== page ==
Yesterday was dedicated to developing the doughs —  one for a Rye Levain with Caraway Seeds, the other for an Olive-Walnut Levain — two loaves of each.  The whole process is 27 hours long, mostly waiting patiently for the 1/2 tsp. of yeast and 100 gm. of my bread starter to do their magic with each batch of flour.

Here is the result:

Rye Levain with Caraway

Whole Grain Levain with Olives and Walnuts


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Cross-Cultural Lunch

One of the concepts we learn early in the process of appreciating wines and their origins is the notion that one should often match with the cuisine from the region in which the grapes are grown.  That process works well as a general guide for pairing wine and food.

However, I also take mischievous pleasure in finding radically different cross-cultural matches, based only on my perceptions of the characteristics of the individual components in which I am interested.

For example, today’s lunch:  Golden Beets and Spicy Guacamole with a Malvasia di Candia Aromatica (from Piacenza, Emilia Romagna region, Italy).

I had some time to play alone in our kitchen today, and it was a good time to invent.  There were two triggers for the creation of the dish.  One was the inspiration of an absolutely delicious spicy guacamole I had at abc cocina in NYC a few weeks ago.  I wanted to replicate it , but my online research provided no definitive recipe, so I had to try out what I thought were the main ingredients.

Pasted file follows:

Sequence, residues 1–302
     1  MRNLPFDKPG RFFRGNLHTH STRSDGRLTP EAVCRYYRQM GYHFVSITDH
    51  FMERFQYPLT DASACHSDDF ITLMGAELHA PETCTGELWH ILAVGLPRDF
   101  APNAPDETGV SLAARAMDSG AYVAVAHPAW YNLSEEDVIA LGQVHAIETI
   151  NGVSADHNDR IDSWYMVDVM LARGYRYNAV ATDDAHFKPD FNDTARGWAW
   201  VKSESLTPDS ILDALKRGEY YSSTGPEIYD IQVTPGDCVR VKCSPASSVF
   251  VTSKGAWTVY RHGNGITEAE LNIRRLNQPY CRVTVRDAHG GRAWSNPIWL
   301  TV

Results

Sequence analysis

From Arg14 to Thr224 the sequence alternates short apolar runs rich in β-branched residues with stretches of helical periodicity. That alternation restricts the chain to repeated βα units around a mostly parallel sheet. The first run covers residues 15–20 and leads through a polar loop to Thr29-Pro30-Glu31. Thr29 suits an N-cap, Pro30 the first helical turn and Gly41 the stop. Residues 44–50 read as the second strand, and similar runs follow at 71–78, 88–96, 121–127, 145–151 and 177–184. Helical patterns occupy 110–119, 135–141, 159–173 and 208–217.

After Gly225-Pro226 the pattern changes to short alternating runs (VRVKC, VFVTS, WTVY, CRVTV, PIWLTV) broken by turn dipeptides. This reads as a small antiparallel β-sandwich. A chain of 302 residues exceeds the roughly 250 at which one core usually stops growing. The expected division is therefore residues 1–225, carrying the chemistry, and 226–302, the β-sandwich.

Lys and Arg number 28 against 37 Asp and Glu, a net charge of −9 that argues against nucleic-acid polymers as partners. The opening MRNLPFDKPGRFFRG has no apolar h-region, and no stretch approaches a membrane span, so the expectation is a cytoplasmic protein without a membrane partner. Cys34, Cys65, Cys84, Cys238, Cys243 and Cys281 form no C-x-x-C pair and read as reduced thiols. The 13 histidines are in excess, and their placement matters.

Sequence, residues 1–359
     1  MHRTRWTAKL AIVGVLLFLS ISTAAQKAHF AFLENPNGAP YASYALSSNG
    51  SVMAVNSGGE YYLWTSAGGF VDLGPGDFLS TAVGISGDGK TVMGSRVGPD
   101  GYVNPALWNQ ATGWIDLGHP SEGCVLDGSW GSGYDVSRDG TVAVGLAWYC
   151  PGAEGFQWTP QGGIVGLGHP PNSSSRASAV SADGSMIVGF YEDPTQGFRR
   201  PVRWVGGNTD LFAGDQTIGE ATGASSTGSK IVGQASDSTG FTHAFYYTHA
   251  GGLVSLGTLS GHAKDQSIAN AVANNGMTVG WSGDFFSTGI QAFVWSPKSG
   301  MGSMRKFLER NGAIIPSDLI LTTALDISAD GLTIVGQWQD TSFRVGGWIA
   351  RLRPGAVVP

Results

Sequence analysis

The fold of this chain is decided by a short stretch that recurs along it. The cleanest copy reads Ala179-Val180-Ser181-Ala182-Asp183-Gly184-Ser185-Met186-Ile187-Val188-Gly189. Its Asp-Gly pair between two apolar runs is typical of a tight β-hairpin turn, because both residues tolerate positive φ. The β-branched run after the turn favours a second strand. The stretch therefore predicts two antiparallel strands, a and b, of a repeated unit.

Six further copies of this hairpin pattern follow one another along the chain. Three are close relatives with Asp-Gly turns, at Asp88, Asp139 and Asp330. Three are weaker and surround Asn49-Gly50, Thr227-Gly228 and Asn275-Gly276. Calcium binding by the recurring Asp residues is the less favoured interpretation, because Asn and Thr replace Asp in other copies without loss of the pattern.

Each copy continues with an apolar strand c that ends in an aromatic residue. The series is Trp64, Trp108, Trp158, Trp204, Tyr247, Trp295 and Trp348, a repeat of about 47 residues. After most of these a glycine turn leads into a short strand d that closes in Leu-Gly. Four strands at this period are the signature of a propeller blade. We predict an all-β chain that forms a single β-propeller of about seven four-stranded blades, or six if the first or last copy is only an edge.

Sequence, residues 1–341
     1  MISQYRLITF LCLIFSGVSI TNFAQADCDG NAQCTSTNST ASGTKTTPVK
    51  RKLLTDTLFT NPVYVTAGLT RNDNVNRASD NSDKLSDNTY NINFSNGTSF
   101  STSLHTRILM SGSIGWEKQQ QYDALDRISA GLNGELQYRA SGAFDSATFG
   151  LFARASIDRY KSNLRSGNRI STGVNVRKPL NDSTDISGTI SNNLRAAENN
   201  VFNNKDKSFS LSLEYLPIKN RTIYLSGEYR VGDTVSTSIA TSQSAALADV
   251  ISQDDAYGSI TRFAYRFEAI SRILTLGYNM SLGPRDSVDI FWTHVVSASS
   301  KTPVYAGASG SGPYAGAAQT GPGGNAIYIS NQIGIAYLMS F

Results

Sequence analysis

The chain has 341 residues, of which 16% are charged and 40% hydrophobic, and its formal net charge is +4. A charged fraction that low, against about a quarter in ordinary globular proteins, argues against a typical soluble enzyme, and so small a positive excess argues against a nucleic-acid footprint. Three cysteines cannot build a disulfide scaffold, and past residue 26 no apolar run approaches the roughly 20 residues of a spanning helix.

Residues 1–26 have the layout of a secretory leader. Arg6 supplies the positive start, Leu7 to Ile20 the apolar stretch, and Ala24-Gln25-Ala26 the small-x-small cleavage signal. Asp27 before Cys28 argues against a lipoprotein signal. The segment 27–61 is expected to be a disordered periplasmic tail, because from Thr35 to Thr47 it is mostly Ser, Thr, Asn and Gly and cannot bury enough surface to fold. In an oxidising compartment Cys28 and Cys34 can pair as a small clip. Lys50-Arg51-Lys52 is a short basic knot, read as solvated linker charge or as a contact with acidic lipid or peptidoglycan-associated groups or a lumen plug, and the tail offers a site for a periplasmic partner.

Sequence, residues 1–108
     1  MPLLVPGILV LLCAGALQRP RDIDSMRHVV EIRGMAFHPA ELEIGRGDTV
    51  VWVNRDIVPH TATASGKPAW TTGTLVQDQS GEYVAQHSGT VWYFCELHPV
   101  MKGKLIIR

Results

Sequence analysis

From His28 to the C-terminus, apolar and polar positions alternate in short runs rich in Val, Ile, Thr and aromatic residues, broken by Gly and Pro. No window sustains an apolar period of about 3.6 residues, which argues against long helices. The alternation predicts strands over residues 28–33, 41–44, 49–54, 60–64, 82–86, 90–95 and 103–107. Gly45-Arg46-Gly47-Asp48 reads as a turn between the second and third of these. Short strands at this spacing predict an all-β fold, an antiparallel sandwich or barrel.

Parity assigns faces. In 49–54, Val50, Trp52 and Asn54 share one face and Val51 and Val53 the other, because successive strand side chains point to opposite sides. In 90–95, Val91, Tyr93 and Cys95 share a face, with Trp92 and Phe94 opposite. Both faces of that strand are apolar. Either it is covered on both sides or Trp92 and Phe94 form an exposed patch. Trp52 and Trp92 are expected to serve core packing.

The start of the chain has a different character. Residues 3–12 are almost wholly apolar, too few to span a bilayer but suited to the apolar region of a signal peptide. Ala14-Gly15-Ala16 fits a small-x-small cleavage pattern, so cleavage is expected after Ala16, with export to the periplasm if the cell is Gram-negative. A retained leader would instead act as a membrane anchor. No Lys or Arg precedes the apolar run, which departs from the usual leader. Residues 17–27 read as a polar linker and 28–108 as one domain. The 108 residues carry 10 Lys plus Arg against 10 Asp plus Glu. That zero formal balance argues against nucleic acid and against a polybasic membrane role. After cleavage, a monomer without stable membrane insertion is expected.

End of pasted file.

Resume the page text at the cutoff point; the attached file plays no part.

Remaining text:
• Finely minced raw onion
  • Finely minced serrano pepper
  • Sea salt
  • Lime juice
  • Avocado

Barbara makes guacamole often, and sometimes a good batch of avocado toast.  However, I find these too bland for my palate.  I want a lot of salt, acid, and spice, and her style ranges from little to none (she uses only one – avocado – of the 5 ingredients above).  Today I pulled out my Molcajete (Mexican mortar, made in Thailand), and I made the dish MY way.  Wow, what a difference!

The other trigger was the need to use the beet greens we had saved several days ago from a bunch of golden beets.  I had steamed the beets and eaten all but one of them, but I needed to do something with the greens soon.  These simply needed to be de-stemmed, washed well, and steamed in a non-stick pan with the liquid attached to the leaves, with a little olive oil and salt.  The peppery greens were delicious, so I chopped them and put on a small plate as the base for the dish.

Next, I sliced the beet and got ready to assemble the dish.

Now, for the wine.  I had an open bottle of Soave, but decided it was not acidic enough for this dish.  A few days ago I attended a wine tasting in Cambridge for Mucci Wines’ 5th anniversary.  One of the truly standout wines at that event was the 2016 Tollara Malvasia D.O.C.  I loved meeting the owner and tasting her wines.  A few days later, Jeff Nedeau at Farfalle in Concord put aside two bottles for me, and I picked them up over the weekend.  Everything came together perfectly, and my lunch experiment was a success.